The NZAGRC is staffed by a dedicated and enthusiastic team.
The NZAGRC Director, Operations Manager, Project Analyst, International Capability and Training Coordinator, and Administrator are employed by AgResearch on behalf of the NZAGRC, and are based in Palmerston North. The Deputy Director (International) and Operations Manager (International), also employed by AgResearch, are based in Wellington. Read more about the NZAGRC staff
The NZAGRC team includes more than 50 highly motivated scientists and technical staff delivering high quality science. This team is led by 7 experts in their field providing science leadership and advice to the NZAGRC. Read more about the NZAGRC SLT
The NZAGRC receives direction from its Steering Group who met quarterly and oversee the NZAGRC's performance against its strategic plan. Read more about the NZAGRC SG
The NZAGRC receives expert advice on the relevance and quality of its research programme for the international and Maori communities. See more about our advisors page for more information.
Below are some profiles of Our People and the work they do.
Applying maths to methane
What does maths have to do with methane? Quite a lot, it turns out, with a research project combining the disciplines of biology and mathematics—funded by the New Zealand Agricultural Greenhouse Gas Research Centre—set to boost scientific knowledge of rumen systems and how to mitigate greenhouse gases.
Yuancheng (James) Wang is graduating from Massey University this month with a PhD in mathematics. His multidisciplinary thesis saw him apply his mathematical knowledge to a topic that was entirely new to him: rumen microbiology.
“For my project I developed a mathematical model that describes the interactions between microbes in the rumen and their food source,” explains James. “My model was also able to take into account the impact of the rumen environment on those interactions, which existing models designed to estimate methane production did not consider.”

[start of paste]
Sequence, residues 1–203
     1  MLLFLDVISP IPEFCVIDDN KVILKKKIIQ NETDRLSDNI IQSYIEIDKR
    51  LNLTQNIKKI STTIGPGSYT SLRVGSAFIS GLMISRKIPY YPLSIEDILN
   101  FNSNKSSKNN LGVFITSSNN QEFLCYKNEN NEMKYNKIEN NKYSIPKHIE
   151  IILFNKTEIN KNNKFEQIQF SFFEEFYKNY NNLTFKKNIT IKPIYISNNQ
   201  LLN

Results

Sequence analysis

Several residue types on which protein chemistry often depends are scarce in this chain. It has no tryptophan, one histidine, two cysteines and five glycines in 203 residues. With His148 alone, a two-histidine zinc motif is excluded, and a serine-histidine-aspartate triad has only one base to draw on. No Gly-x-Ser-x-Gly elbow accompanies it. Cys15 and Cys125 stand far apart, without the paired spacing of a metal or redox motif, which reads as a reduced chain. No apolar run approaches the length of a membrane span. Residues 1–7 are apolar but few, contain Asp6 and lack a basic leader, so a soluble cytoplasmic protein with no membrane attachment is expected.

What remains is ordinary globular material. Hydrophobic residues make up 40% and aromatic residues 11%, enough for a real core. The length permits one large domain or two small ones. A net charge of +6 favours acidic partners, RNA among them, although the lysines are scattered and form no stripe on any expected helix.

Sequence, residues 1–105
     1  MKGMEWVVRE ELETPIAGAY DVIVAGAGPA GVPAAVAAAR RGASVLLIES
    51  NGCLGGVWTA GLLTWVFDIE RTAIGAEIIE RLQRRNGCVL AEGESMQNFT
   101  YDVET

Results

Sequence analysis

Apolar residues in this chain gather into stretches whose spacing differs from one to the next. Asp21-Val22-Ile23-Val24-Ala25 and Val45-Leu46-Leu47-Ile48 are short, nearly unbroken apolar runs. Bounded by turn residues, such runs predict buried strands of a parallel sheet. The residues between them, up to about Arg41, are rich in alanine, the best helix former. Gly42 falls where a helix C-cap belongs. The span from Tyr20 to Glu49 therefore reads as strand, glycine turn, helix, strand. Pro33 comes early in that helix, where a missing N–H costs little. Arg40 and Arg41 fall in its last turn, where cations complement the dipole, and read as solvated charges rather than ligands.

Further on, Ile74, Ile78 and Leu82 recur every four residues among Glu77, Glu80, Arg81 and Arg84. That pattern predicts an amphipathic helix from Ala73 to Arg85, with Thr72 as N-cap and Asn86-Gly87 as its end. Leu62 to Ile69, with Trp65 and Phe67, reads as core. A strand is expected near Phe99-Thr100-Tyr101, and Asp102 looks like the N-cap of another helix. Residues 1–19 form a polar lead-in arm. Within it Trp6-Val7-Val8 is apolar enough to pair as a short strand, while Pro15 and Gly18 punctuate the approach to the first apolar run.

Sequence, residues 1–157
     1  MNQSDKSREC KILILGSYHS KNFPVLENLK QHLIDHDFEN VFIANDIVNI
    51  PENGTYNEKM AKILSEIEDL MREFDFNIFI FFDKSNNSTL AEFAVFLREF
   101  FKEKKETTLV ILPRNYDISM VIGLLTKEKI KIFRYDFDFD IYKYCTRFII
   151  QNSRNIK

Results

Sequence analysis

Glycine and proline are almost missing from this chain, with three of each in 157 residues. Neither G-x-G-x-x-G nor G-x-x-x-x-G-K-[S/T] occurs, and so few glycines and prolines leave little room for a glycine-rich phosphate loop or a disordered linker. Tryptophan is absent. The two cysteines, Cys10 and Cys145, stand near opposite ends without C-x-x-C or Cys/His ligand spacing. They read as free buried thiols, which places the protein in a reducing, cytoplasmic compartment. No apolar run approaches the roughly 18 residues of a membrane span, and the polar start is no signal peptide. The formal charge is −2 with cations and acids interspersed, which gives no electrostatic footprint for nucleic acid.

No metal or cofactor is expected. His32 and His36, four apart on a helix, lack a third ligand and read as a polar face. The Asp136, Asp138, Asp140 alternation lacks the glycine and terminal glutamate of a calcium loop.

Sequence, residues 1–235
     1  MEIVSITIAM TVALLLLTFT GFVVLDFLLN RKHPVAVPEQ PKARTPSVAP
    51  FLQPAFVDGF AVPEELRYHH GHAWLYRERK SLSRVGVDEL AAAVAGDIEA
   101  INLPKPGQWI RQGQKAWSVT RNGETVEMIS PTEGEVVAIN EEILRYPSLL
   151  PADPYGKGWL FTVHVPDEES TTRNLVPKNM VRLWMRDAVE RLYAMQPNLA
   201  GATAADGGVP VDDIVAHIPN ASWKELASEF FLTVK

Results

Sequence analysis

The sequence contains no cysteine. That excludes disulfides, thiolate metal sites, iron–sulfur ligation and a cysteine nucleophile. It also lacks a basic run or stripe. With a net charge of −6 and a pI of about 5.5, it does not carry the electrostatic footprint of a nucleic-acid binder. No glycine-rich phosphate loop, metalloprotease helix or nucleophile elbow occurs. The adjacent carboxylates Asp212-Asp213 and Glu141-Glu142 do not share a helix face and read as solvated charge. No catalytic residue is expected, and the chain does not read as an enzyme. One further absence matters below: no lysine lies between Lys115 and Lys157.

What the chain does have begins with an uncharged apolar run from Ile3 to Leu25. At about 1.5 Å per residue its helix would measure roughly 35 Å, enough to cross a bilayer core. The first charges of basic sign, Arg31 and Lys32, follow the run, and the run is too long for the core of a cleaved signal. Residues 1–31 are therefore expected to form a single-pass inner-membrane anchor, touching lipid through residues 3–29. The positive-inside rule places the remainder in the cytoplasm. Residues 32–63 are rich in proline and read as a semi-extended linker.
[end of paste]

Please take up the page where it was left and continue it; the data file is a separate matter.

He says the results provided by his mathematical model were consistent with biological expectations, and the model could be expanded to include other factors influencing methane production, such as feeding level and frequency.
While James’ project focused on methane-producing microbes (methanogens), he says his model will be able to be used in conjunction with models describing other parts of the rumen system, which will provide the full picture of rumen function.
James says there are real benefits of applying mathematical modelling to biological systems. “Modelling means you can explore interactions that occur in the rumen system in ways you cannot do in experiments, and you can test your knowledge to uncover any gaps,” he says. “It’s also very cost-effective as it allows you to perform multiple experiments to understand what might happen in rumen systems, before designing and carrying out much more expensive animal trials.”
His PhD was supervised by Drs Peter Janssen and David Pacheco from AgResearch, who provided guidance on the how the rumen functions, along with Dr Tammy Lynch and Associate Professor Bruce Van Brunt from Massey’s Institute of Fundamental Science who supervised the mathematical component of the research.
James says he never thought his background in mathematics would see him end up working in agricultural science.
“I’ve always been aware that mathematics can be applied to virtually any discipline, and it just happened that I got into this one which I’ve found extremely interesting,” he says. “I’ve really enjoyed learning about greenhouse gases—at the moment it’s a very critical topic for New Zealand, so it’s been great to be at the forefront of this science to help boost the knowledge a little.”
His work is currently being prepared for publication in a science journal in the near future.
James has moved back to Qingdao, China, to look for work and to be closer to family after more than a decade away from home. “I’ll certainly miss New Zealand though, and will always be grateful for the support provided by the NZAGRC for my project.”
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